So, in the beginning section we now focus on 10 ways of making the very most of your charity’s website and e-mail communications. If all you can do, irrespective of using social media, is make the very most of your website and e-mail then that’s a very good achievement, so we focus on that and give tips on that. Then we move on to one approach which I think is important to whatever digital channels you are using and that is the power of images – how to create your own, how to give them impact, how to measure them and all the different free tools available for you to create impactful, visual content.
Then there’s other ideas – how to inspire other people to do your fundraising for you. Again, going back to the idea that no fundraiser has enough time to do everything she or he wants, then the thing to do is to inspire supporters and people new to your organisation to fundraise for you and with tools – social media tools – and cameras and everything we’re wandering around with now in our pockets, then that can be done very very straightforward, so we give some tips on that. So it’s a practical fundraising day, usually a little bit of making and we usually bring some scissors and paper and some Lego mini-figs so that we can start creating our own fundraising images on the day that they can use if they want to.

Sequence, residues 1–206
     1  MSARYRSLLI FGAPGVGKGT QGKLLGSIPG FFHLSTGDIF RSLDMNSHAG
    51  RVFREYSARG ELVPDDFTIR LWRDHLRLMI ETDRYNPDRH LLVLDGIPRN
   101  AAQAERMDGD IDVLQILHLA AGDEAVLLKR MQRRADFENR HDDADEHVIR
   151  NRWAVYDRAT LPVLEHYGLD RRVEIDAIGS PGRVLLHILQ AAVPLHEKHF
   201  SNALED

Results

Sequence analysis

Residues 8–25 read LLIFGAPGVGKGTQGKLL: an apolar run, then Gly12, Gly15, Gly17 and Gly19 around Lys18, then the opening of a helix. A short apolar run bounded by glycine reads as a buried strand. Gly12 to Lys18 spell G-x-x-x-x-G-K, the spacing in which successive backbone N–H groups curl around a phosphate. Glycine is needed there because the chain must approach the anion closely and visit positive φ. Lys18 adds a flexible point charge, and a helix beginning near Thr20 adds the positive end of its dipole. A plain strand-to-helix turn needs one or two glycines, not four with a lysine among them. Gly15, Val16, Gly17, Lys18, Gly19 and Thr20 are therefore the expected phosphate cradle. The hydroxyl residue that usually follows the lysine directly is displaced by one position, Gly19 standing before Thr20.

From the people who’ve turned up to your course since you started, what impact has it had to the people who have turned up? Have you seen any major changes in the strategies that they take?
I should be able to quantify that and can’t, which is not a great thing. But yes, I am still in touch with a lot of fundraisers that I first met […] 18 years ago on some of these courses and I get to hear what they did as a result. I think the course is quite intensive, there’s a lot there – people say ‘it took me a year or two to get round to everything that was suggested’, but I’ve definitely had positive feedback from people who have gone on to raise funds. Whether that’s by their website, whether that’s by them improving their landing pages, whether it’s doing segmented e-mail campaigns or even trying out crowdfunding sites. So no, I don’t have an overall figure, but people seem to have picked up some useful tips and then gone on to implement them themselves.